Friday, November 5, 2010

The Troubadour

A cold wind blows in from the cold, dark South,
the fresh wind blowing against my bare neck,
I stand  looking down at the flooding creek below,
fields greened by heavens above, trees whispering,
in the distance the birds are still settling their young,
I'll go to her tonight and sing to her in a soft voice,
plaintively calling "Come my beautiful darling to me."

I'll sing to her as I've sung so many times before
outside her window, curtain's drawn, lights down low,
praying to the Lord that she'll come speak to me
and take me in from the dark night, cold and wet,
out of the soaking rain to her bright warm hearth
and feed me with the nectar of her  gentle kisses,
take me in her fine warm arms and soothe my soul.

Oh! I long for those arms so warm, all embracing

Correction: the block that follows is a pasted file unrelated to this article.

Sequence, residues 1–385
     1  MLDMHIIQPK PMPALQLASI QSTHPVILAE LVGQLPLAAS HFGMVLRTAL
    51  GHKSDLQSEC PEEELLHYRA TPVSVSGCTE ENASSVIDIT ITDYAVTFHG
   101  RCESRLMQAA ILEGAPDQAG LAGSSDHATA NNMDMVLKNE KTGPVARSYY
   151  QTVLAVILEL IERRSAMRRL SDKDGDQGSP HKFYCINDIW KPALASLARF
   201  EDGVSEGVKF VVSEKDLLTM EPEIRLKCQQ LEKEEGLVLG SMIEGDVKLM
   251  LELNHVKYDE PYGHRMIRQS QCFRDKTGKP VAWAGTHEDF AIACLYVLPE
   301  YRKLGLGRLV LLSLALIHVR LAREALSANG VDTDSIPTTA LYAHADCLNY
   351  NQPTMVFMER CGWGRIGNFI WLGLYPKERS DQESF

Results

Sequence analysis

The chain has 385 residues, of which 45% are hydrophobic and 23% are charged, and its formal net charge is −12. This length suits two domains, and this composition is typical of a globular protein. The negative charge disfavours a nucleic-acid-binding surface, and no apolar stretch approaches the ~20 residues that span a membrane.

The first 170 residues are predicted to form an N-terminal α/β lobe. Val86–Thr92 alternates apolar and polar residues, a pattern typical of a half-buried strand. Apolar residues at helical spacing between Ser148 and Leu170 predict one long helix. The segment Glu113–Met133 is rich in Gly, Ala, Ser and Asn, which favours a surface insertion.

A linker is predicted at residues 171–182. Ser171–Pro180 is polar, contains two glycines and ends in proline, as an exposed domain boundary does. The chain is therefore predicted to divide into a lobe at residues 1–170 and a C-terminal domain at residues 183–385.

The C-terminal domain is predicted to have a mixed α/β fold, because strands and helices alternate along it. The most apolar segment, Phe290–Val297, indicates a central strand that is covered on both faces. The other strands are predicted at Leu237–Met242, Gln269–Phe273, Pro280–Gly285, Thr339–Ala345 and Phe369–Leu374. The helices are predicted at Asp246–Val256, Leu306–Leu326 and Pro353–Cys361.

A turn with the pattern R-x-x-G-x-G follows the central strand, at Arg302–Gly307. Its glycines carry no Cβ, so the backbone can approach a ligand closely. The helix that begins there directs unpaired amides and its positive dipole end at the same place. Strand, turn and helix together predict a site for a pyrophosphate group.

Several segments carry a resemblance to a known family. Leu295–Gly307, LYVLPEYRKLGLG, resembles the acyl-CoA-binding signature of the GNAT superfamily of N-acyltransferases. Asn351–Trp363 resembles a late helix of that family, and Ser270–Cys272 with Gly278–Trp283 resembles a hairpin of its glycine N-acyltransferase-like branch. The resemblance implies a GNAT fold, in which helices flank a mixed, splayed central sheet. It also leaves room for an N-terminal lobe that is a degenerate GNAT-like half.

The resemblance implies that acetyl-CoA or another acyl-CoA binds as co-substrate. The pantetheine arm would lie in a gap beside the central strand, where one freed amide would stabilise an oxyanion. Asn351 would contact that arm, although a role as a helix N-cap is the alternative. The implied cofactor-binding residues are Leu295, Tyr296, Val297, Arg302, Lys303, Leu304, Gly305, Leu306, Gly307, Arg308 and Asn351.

that are now so far away across the muddy plains,
dark horizons, I can see her prancing, black dress
and pink shoes, a freshly picked flower in her hair,
dancing gracefully across the golden parquetry floor
with another, my heart, heavy with the thought of her
so far away smiling and happy, without me at her side.

I tune my old guitar before departing, my old friend
that has accompanied the song in my heart for her,
a tear trickles down my old, lined and weathered cheek
that longs to touch hers so soft and young, the hairs
bristle still as I think of the many times before I'd sung
love's song, bringing warmth to many a warm heart,
lighting the fires of a passion that I fear too will pass
with my singing, "Come my beautiful darling to me."
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